Rand v. Wright—A Study in Opposites
Paul Ryan’s selection as Mitt Romney’s vice-presidential nominee is perhaps the most significant philosophical move in modern American politics. This has very little to do with Ryan himself, who by all impartial accounts is a bright, energetic, and wholesome human being, but rather because of the focus his selection has generated in the philosophy of Ayn Rand, called Objectivism.
Ryan, like other conservatives such as Alan Greenspan, can be classified as closet Randians because they know that to embrace her philosophy entirely and notoriously would have them run out of office, if not out of town. The masses that would prefer to have others pay for their drinks and live off the forced charity/redistribution of wealth coming from, where else? producers, revile Ayn Rand with a ferocity that makes Mary Madelyn O’Hair seem like America’s sweetheart.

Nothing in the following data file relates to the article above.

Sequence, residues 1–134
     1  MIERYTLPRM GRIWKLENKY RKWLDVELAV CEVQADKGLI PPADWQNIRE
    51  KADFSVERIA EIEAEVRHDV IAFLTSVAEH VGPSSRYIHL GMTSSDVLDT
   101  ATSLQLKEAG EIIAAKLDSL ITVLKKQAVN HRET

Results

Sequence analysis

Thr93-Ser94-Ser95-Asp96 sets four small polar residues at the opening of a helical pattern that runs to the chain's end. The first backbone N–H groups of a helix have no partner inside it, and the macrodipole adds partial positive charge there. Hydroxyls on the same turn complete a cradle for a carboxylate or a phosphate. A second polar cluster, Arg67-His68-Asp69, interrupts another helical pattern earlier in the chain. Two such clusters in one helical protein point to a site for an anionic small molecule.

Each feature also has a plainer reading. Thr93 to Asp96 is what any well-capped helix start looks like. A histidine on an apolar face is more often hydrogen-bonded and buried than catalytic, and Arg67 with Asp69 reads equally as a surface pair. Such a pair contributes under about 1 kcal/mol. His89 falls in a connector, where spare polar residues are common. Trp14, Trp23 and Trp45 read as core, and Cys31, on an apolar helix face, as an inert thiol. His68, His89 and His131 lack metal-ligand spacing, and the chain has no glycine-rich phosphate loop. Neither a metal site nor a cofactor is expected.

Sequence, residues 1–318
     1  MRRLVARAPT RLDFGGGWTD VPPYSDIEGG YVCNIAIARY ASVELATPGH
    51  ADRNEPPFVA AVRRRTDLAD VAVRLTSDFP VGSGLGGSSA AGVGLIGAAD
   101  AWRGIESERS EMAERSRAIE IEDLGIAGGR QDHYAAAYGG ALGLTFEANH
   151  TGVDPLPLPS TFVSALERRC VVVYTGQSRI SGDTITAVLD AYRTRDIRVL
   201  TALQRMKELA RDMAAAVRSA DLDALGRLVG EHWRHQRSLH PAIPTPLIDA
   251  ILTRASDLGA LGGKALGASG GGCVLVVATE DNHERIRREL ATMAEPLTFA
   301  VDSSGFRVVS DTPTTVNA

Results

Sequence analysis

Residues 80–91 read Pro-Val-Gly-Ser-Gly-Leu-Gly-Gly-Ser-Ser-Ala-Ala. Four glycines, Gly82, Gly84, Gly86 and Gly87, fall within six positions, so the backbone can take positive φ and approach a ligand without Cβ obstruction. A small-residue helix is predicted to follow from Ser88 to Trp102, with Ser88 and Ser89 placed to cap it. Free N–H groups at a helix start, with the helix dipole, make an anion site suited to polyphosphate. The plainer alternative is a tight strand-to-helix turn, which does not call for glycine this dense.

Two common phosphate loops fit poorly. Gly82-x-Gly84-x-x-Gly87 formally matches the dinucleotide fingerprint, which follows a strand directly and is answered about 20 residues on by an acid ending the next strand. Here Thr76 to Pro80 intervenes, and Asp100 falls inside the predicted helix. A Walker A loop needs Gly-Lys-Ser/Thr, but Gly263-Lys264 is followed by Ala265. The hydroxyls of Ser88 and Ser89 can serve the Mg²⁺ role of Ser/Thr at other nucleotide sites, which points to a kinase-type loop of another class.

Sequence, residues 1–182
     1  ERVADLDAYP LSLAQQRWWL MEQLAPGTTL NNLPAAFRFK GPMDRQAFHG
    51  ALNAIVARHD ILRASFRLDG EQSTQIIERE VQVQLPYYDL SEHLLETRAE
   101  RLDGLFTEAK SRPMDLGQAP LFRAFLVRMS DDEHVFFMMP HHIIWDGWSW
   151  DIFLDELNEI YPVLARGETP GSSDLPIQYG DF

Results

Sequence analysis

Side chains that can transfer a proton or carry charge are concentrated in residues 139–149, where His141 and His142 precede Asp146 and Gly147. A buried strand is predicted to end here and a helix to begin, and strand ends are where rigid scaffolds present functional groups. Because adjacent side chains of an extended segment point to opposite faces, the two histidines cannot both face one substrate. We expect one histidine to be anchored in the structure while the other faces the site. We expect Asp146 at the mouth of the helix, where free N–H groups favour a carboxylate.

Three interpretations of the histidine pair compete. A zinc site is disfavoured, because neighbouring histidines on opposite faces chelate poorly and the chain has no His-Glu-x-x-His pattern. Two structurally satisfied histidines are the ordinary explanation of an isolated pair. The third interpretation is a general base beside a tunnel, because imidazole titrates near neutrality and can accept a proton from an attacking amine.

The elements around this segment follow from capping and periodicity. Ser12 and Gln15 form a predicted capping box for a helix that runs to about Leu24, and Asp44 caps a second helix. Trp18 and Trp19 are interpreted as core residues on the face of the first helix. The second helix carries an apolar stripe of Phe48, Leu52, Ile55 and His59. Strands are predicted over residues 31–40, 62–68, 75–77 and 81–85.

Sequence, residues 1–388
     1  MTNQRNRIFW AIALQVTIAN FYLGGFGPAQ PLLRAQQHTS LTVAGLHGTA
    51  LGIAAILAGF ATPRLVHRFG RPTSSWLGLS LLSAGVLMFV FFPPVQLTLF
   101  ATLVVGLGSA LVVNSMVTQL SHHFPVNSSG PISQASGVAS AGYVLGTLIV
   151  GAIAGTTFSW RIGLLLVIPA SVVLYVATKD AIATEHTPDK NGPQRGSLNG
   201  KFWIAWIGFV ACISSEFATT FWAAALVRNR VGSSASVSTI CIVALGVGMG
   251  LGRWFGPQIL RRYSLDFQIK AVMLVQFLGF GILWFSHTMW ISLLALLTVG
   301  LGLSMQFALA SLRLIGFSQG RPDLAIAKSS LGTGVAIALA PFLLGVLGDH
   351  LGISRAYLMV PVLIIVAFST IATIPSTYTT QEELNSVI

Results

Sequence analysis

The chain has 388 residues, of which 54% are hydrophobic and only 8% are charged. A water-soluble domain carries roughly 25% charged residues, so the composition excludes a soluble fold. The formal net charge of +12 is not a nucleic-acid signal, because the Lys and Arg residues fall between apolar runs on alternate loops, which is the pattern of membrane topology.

Nevertheless, Rand has survived with her books being sold in the millions more 50 years after they were written. I wonder how long Obama’s allegedly ghost-written memoirs will be with us.
Ryan, even with his carefully couched qualifications, was clearly influenced by Rand, which makes a comparison between her and Obama’s inspirations both relevant and legitimate.
Let’s start with Bill Ayers and Jeremiah Wright, Obama’s buddies.
Rand loved America with all her heart and mind. As a refugee from Russia and its collectivist/communist/fascist state, she revered freedom, free enterprise, and capitalism, that reverence being based on a first-hand understanding of and experience with their opposites.
Ayers and Wright damned America because of its challenges that those two ciphers knew they were incapable of meeting.
There was not a racist bone in Rand’s body. Wright, in particular, is racist and virtually nothing else.
Rand abhorred violence and characterized retaliation against the initiation of force as its only legitimate use. We all know how Ayers felt about violence.
So, once again, Ayn Rand is back in the news. Let’s hope that the hoary excoriation of her philosophy will cause independent thinkers to question the sources of this denunciation and to wonder how a woman so vigorously reviled could have predicted so accurately, decades ago, exactly the form, shape, and taste of the pickle America finds itself in today.
© Gordon Osmond 2012